Valuation – The agreed upon pre-money valuation sets the value of the company before additional capital is injected. The valuation sets the share price angels pay for equity.

Equity stake – The percent of company ownership angels receive in return for their investment. Typical ranges are 10-25%.

Liquidation preferences – Terms that determine payout order and amounts for angels if the company eventually gets sold or goes public.

Voting rights – What corporate decisions angels can have voting power over like new stock issuance or future fundraising.

**Information rights **- What financial statements and corporate data you need to provide angels with on an ongoing basis.

Both sides want terms that are fair and aligned on objectives. Being flexible and reasonable with angels facilitates the negotiation and shows you are grateful for the opportunity.

Moving Forward Post-Funding

Once investment terms are finalized, there are still a few steps required before securing the financing:

  • Conduct due diligence – Angels will conduct in-depth analysis of financials, operations, legal records to confirm details.
  • Get corporate documents in order – Official paperwork like stock purchase agreements and shareholder agreements need formalization.
  • Close the transaction – Angels will wire their committed capital and the deal will officially close.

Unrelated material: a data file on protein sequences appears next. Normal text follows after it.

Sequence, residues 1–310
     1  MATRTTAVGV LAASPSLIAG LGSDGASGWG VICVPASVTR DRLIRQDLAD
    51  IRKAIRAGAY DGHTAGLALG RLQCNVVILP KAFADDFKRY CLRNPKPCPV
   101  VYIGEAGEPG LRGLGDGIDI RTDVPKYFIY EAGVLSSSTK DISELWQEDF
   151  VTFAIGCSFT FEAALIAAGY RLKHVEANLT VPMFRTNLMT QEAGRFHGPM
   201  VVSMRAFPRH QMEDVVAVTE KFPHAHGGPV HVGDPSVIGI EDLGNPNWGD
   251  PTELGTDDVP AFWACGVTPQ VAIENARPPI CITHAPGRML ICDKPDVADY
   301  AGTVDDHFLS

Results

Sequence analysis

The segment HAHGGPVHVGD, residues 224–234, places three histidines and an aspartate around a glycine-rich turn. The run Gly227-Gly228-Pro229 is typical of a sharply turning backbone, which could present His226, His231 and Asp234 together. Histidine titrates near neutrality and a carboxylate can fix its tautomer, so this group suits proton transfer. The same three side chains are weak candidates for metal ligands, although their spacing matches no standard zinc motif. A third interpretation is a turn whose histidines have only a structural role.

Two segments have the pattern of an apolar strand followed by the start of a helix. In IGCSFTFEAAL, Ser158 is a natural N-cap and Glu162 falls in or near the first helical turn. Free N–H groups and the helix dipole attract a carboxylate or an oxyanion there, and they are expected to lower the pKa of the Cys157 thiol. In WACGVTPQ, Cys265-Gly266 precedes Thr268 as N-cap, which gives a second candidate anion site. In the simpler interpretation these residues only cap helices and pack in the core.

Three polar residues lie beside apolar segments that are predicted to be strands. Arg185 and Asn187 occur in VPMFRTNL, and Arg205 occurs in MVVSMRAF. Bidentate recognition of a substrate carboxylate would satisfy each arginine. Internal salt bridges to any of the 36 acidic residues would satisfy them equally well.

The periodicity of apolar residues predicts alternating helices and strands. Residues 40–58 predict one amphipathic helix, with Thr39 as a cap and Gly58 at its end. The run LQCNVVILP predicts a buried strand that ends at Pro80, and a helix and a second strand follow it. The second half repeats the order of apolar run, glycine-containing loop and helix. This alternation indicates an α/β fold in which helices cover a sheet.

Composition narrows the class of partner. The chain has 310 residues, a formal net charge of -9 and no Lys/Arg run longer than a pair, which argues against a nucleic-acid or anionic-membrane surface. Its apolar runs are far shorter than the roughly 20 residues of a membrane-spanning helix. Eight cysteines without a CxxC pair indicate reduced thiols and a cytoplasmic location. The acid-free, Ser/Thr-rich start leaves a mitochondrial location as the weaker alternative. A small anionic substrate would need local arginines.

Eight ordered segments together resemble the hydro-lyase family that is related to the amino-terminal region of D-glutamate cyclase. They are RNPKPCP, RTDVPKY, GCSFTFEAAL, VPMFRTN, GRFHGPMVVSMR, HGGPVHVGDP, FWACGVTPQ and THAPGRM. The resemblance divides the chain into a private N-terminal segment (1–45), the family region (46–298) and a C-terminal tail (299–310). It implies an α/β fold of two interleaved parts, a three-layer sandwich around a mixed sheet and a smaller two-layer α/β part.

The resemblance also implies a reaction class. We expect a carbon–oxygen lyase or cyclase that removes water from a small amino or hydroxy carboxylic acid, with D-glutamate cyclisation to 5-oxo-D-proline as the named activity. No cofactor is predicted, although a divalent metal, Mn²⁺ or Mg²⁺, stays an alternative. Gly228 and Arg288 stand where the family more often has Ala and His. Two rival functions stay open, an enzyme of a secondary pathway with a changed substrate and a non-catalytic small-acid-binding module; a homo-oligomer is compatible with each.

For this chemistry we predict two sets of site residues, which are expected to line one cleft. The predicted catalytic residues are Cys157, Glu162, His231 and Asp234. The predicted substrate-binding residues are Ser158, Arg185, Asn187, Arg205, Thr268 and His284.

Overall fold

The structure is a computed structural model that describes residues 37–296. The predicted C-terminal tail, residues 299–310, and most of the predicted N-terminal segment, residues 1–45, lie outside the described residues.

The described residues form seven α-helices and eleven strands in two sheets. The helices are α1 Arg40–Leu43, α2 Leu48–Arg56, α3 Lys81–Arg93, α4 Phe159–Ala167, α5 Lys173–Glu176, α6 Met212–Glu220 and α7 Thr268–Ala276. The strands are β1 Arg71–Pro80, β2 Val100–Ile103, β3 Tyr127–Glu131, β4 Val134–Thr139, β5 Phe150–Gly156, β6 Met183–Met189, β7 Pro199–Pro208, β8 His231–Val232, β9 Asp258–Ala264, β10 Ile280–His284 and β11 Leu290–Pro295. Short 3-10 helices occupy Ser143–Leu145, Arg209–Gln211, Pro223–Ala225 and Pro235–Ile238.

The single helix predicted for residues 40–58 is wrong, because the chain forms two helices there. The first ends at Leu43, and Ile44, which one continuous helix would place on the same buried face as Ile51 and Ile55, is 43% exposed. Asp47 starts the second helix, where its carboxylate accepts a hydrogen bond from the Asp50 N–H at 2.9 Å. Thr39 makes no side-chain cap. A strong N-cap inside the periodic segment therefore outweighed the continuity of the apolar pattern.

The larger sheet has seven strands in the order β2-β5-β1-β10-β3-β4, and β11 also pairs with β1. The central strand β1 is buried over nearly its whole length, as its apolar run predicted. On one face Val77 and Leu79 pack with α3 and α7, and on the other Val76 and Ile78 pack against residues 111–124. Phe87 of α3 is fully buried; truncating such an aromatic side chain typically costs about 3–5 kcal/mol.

• Build investor relations – Provide frequent updates to keep angels engaged and aware of company progress after the deal.

Bringing angels onboard is just the beginning. Setting clear expectations for involvement and communication post-funding keeps the relationship strong.

Alternative Routes to Raise Capital

Angel investors are one option, but here are a few other common sources startups leverage to raise capital:

  • Bootstrap funding – Self-funding your company through founder savings, cash flow, or taking out loans.
  • Crowdfunding – Raising smaller amounts of capital from a large group of individuals using an online crowdfunding platform.
  • Revenue-based financing – Providers give you capital in return for a percentage of your future revenue until repayment.
  • Grants and competitions – Government and nonprofit grants don’t take equity and startup competitions provide capital as prize money.
  • Venture capital – Institutional VC firms focused on investing in high-growth-potential companies in exchange for equity.

Assessing all available funding routes and choosing the right blend for your needs is crucial. Angel investors are often an integral piece of that puzzle.

Other things to note

Return Expectations

Most angels target an average internal rate of return between 25-30% over the lifetime of their investment. However, they know investing in startups is high-risk. The top 10% of investments will make the majority of an angel’s returns. Given the volatility, angels diversify investments across multiple startups.

Sectorial Interests

Software, healthcare, and financial services are historically the sectors that attract the most angel investment dollars. However, angels will consider compelling opportunities across all industries. Unique innovations that solve real problems grab their attention regardless of the specific industry.

Investment Hold Timeframe

Angels plan to hold their startup investments for 5-7 years on average. However, they understand timing the exit depends on many factors like market conditions, competition, and company maturity that are hard to predict. Angels focus on building long-term value Creation which allows for flexibility on eventual exit timing.

Control Over Startups